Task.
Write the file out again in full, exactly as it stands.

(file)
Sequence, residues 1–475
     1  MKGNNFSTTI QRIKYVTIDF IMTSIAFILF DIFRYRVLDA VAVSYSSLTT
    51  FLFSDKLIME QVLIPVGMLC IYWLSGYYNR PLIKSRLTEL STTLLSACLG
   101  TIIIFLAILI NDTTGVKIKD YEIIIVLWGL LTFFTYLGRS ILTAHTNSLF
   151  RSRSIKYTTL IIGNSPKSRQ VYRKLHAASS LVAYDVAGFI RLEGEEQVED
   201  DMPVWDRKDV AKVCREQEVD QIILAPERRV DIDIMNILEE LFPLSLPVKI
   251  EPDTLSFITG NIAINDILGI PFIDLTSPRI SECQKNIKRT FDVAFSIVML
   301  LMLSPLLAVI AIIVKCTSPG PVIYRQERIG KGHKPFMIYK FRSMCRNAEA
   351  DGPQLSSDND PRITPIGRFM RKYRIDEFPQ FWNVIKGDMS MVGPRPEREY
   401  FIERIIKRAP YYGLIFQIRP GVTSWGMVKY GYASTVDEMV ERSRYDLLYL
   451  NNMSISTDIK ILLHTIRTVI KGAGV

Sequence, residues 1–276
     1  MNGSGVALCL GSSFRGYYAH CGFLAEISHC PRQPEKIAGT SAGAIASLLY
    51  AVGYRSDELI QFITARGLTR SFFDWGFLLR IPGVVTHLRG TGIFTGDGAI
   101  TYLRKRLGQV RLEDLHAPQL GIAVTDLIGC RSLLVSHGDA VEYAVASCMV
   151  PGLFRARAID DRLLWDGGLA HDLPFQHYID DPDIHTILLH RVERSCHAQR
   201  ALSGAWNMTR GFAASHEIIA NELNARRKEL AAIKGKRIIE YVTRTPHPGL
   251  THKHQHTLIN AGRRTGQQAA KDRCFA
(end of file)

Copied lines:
Sequence, residues 1–475
     1  MKGNNFSTTI QRIKYVTIDF IMTSIAFILF DIFRYRVLDA VAVSYSSLTT
    51  FLFSDKLIME QVLIPVGMLC IYWLSGYYNR PLIKSRLTEL STTLLSACLG
   101  TIIIFLAILI NDTTGVKIKD YEIIIVLWGL LTFFTYLGRS ILTAHTNSLF
   151  RSRSIKYTTL IIGNSPKSRQ VYRKLHAASS LVAYDVAGFI RLEGEEQVED
   201  DMPVWDRKDV AKVCREQEVD QIILAPERRV DIDIMNILEE LFPLSLPVKI
   251  EPDTLSFITG NIAINDILGI PFIDLTSPRI SECQKNIKRT FDVAFSIVML
   301  LMLSPLLAVI AIIVKCTSPG PVIYRQERIG KGHKPFMIYK FRSMCRNAEA
   351  DGPQLSSDND PRITPIGRFM RKYRIDEFPQ FWNVIKGDMS MVGPRPEREY
   401  FIERIIKRAP YYGLIFQIRP GVTSWGMVKY GYASTVDEMV ERSRYDLLYL
   451  NNMSISTDIK ILLHTIRTVI KGAGV

Sequence, residues 1–276
     1  MNGSGVALCL GSSFRGYYAH CGFLAEISHC PRQPEKIAGT SAGAIASLLY
    51  AVGYRSDELI QFITARGLTR SFFDWGFLLR IPGVVTHLRG TGIFTGDGAI
   101  TYLRKRLGQV RLEDLHAPQL GIAVTDLIGC RSLLVSHGDA VEYAVASCMV
   151  PGLFRARAID DRLLWDGGLA HDLPFQHYID DPDIHTILLH RVERSCHAQR
   201  ALSGAWNMTR GFAASHEIIA NELNARRKEL AAIKGKRIIE YVTRTPHPGL
   251  THKHQHTLIN AGRRTGQQAA KDRCFA